You can transport energy by gravitational waves, which can be thought of as changes in the curvature of spacetime that propagate. But there is no way to localize the energy that is being transported.
For the first point I would say that this sounds like a chicken and egg problem: you directly refer to the relation F=m*dv/dt and conclude that the energy should be stored in the mass. But the discussion is just about the question if it could be stored in something underlying different than directly the mass. So therefore I think you cannot use that argument that a different explanation cannot be true because the regular explanation must be true.

The second remark I cannot judge. however I could imagine that a mass curving the spacetime around it is a form of energy storage. Because if you would take away the mass instantly, the energy propagates away as gravitational waves. so then I would say that a moving mass can be interpretet as a a mass being taken away at one point and put back at another point and so then when spacetime curvature is a form of energy storage, then energy is taken away from spacetime around one point and stored into the spacetime around the next point similar to energy being stored in a magnetic inductor ad then converted to another inductor. If you do that slow, the energy stored in waves is very small so all energy is then transported. I think that is what is said in the movie I referred to in relation to mass and accelleration. and then the question was: how does this work if I have a mass following a geodesic and If I have a mass being accelerated by an external force. Unfortnately I do not have sufficient knowledge to write down the equations, so therefore I was hoping that a specialist would like to use these equations in relation to both situations to prove it or bust it.
 
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  • #146
HansH said:
For the first point I would say that this sounds like a chicken and egg problem: you directly refer to the relation F=m*dv/dt and conclude that the energy should be stored in the mass.
Yes, because that is what ##m \ dv/dt## means -- it means you stored what the force transmitted in the kinetic energy of the mass. There is no "chicken and egg problem". This is just basic physics: a force does work, and when the work it does is to accelerate a mass, the energy transmitted by the work done goes into the kinetic energy of the mass.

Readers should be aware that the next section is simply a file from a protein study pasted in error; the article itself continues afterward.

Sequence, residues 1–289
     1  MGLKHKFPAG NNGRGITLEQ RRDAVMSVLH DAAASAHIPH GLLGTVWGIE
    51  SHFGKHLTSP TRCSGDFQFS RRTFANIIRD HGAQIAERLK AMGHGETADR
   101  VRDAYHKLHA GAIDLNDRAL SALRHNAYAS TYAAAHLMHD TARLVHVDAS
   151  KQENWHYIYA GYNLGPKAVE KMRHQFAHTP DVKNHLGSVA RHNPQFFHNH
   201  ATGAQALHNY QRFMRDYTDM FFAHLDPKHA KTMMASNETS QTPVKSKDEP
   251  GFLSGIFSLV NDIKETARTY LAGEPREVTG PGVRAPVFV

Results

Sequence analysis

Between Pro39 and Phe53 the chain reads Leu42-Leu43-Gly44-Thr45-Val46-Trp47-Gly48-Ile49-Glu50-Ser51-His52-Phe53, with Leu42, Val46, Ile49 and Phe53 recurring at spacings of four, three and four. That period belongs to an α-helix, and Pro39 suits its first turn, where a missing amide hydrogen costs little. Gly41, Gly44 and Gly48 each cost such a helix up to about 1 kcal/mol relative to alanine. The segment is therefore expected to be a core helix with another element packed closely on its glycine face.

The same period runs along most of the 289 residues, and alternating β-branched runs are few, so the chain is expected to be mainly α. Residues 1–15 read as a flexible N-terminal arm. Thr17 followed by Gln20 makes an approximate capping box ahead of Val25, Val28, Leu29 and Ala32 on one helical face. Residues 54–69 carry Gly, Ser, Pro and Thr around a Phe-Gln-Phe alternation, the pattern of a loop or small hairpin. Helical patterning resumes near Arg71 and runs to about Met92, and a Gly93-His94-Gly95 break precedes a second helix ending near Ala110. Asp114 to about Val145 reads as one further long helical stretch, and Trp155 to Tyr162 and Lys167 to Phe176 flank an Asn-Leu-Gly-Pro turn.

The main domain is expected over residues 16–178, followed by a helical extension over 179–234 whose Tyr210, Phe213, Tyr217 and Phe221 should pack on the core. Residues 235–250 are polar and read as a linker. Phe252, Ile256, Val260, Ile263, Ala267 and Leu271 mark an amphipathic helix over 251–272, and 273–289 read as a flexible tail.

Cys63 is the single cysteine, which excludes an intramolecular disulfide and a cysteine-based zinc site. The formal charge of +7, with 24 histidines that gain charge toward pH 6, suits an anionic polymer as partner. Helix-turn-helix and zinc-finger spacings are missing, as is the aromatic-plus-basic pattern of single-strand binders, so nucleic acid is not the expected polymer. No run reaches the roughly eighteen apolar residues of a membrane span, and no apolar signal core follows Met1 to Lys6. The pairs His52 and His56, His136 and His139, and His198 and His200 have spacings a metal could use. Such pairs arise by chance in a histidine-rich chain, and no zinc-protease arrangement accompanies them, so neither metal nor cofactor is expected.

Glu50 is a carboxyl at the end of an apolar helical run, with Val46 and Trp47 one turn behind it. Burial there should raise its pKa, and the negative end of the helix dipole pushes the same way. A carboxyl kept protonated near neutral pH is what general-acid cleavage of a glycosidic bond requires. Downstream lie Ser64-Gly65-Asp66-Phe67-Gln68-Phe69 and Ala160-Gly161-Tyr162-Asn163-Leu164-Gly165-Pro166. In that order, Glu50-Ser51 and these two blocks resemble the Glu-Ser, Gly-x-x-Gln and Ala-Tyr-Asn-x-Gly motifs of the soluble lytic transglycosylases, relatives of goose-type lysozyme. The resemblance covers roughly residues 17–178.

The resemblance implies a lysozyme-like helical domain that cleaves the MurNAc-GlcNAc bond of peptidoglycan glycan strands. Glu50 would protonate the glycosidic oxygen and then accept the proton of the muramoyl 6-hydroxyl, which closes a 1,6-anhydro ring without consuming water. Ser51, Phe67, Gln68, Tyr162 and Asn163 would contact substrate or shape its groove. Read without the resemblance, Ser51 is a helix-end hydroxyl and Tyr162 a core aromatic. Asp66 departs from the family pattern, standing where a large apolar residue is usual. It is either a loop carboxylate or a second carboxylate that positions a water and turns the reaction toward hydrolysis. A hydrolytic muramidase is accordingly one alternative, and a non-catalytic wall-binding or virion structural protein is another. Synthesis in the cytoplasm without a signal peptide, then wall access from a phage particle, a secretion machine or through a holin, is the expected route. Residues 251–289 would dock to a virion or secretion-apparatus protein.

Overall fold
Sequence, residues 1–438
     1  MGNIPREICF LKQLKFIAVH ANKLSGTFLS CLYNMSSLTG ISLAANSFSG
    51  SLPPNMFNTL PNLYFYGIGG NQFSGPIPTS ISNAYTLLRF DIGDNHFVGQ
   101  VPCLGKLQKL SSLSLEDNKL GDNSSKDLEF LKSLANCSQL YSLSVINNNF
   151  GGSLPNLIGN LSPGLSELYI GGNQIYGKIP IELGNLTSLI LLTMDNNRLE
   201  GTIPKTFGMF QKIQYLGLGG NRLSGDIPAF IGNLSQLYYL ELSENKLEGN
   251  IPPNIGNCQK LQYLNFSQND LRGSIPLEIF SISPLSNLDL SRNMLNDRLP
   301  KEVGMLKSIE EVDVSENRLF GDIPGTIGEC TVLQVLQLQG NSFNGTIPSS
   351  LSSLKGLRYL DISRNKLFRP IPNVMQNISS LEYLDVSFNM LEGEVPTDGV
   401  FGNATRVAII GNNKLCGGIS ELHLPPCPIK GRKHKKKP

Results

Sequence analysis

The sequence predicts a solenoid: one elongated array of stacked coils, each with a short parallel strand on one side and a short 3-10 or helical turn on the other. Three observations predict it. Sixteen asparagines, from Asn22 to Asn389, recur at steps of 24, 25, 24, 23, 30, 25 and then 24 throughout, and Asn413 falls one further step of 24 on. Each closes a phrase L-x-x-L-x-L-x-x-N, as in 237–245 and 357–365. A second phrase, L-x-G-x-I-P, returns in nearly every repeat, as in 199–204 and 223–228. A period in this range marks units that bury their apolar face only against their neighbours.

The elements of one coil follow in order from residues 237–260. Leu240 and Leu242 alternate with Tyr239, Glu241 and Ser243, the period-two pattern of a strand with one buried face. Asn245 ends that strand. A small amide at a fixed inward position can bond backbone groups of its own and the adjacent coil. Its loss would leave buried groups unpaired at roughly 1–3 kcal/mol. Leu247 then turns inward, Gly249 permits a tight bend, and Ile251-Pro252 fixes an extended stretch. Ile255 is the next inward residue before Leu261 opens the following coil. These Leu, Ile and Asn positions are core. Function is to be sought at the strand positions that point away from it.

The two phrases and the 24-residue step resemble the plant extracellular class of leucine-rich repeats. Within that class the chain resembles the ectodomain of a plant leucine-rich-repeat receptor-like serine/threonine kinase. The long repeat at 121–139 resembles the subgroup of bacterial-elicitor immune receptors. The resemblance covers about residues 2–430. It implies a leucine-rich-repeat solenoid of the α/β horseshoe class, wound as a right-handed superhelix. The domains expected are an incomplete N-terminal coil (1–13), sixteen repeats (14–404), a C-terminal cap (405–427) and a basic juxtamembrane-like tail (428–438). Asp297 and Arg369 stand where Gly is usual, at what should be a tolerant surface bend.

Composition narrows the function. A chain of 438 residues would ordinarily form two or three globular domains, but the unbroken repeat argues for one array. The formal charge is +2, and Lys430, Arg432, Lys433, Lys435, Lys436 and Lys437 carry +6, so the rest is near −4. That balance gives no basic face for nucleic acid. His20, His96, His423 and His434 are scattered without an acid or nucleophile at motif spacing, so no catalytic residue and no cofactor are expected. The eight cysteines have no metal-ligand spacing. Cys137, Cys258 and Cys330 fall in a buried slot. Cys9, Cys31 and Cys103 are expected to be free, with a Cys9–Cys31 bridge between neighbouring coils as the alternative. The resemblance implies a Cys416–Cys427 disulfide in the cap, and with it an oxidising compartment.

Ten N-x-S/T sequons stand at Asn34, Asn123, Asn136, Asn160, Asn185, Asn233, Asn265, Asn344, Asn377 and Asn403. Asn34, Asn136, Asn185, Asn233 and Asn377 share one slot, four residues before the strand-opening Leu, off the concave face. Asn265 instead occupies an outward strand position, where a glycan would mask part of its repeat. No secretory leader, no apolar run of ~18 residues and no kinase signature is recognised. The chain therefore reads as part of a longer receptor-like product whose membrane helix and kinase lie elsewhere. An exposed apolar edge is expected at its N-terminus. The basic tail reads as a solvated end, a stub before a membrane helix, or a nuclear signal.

HansH said:
I could imagine that a mass curving the spacetime around it is a form of energy storage
You should not be trying to "imagine" things like this. You should be learning how the physics actually works. When you do, you will find exactly what I said: that there is no tensor that represents "energy stored in spacetime", and in GR, physical things are represented by tensors.

HansH said:
the movie
Is, as you have already been told, nonsense. It is not a valid basis for PF discussion.
 
  • #147
PeterDonis said:
there is no tensor that represents "energy stored in spacetime"
Then is it stil unclear to me how we can explain that gravitational waves occur (representing enrgy flow) when you would instantly take away a mass. so where is the energy of the gravitational wave then coming from?
 
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  • #148
HansH said:
Because if you would take away the mass instantly,
You can't, and attempting to describe doing this leads to a self-contradiction. This kind of thing (which seems a superficially reasonable idealisation, but actually invalidates all subsequent reasoning) is why generating plausible ideas in GR is hard.
 
  • #149
PeterDonis said:
Yes, because that is what ##m \ dv/dt## means -- it means you stored what the force transmitted in the kinetic energy of the mass. There is no "chicken and egg problem". This is just basic physics: a force does work, and when the work it does is to accelerate a mass, the energy transmitted by the work done goes into the kinetic energy of the mass.